Her simmering temper boiled over at that point, and she whirled on him and stabbed him in his chest with her finger. She grit her teeth and growled, “Because we are NOT a proper family. Are we , Paul?”
Paul, though he had twice Maurine's mass, spread his arms defensively to his sides and took a step back. He looked over to Anne, ostensibly for support.
“DO NOT you bring in a ten year-old girl as your back-up, you prick! You're a weak little man to hide behind your own goddamn daughter.”
A look of worry crossed Annes' face as she stopped by the fridge and watched the exchange between her parents. Her mother never used language like that.
Except when Dad was around.
Which wasn't often.
Maurine continued jabbing at Paul and backing him toward the back door, the same door she had used to enter the kitchen just moments ago, “Because being part of a REAL family means responsibilities. It means showing up for your daughter's first day of school, her eighth birthday party, for anything! And responsibility means more than simply showing up.”
“All right, I'm sorry.”
Anne's look of worry deteriorated into a look of misery; her mouth puckered and her nostrils flared, and soon tears had escaped her eyelashes. Maurine seemed to pick up on this and said to her, from the side her clenched jaw, “Annie, go to your room.”
“But I didn't do anything!” Anne wailed.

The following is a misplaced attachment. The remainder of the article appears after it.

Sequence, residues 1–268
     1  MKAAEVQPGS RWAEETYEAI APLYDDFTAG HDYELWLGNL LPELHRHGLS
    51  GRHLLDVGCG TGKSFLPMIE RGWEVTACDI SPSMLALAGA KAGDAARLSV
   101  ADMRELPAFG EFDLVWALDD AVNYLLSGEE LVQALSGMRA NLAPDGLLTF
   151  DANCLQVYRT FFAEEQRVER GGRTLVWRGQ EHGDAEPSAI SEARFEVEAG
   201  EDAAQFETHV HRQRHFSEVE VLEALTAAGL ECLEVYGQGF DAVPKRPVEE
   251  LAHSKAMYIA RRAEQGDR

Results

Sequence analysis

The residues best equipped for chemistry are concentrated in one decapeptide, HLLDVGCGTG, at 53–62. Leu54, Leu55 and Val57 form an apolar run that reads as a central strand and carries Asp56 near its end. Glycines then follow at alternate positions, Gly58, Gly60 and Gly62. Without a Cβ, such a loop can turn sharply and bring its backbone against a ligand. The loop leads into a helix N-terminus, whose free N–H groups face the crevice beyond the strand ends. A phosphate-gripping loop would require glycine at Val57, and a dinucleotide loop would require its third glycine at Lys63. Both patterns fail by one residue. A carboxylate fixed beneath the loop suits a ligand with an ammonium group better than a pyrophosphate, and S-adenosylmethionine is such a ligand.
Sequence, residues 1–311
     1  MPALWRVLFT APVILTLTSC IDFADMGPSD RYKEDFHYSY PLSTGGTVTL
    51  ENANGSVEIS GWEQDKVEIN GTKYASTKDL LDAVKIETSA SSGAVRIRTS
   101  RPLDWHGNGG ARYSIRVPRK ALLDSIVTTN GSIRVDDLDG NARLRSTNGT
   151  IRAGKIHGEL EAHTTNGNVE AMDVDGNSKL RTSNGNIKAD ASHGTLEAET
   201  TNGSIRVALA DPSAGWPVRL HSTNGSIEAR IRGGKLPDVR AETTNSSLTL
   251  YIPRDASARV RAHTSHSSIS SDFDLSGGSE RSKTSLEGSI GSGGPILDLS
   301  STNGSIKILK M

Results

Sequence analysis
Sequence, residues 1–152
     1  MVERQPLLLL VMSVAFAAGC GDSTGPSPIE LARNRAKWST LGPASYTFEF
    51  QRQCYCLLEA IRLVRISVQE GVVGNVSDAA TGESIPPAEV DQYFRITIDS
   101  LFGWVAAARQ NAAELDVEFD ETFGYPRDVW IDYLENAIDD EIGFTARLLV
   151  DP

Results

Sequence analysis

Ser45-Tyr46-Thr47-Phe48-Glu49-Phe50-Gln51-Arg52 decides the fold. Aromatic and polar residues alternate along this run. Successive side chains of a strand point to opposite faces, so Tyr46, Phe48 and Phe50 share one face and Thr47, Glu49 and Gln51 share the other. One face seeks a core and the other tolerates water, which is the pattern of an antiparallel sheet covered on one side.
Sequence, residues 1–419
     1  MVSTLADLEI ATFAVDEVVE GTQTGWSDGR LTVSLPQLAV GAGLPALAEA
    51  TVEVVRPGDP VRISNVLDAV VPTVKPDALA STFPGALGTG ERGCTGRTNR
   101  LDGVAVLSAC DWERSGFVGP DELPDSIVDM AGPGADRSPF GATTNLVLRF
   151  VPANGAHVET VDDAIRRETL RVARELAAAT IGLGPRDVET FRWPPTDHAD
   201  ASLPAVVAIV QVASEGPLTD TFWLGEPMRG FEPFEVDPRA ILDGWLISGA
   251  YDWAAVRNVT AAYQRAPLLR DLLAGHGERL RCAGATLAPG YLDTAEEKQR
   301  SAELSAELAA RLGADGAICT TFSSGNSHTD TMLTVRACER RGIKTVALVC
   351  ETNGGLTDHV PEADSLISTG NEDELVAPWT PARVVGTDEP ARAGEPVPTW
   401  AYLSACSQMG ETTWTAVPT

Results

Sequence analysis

Anne put her arms over her face and stomped off toward the rear of the house, to her room. Three seconds after she rounded the corner her door slammed hard enough to rattle the dishes in the cabinet. Later, upon reflection, Maurine would be crushed that she allowed her anger toward Paul to slip out in front of Anne and cause her pain, but the unexpected appearance of her ex-husband in her kitchen, eating her food, had caught her so off-guard that some of that stored animosity managed to find a weakness in her emotional containment wall and seep through. And once it started building momentum, nothing could stop it, so she pressed on. Her voice gained some extra timbre, too, as she addressed him again, “Of the one hundred and six mortgage payments put into this house, do you know how many you contributed to?”
“Mo, that's not fair...”
“Sixteen! Sixteen, Paul! Less than a quarter! Does that strike you as being responsible?”
“Goddamn it, Mo! Would you just calm down a little so I can say something here?”
Now the tears streamed down her cheeks as well; when the hell did she start crying? She struck at his crossed arms and yelled, “No I will not calm down! I have earned the right to yell at my useless, self-absorbed, asshole of an ex. I don't want you anywhere near my daughter, now GET OUT!”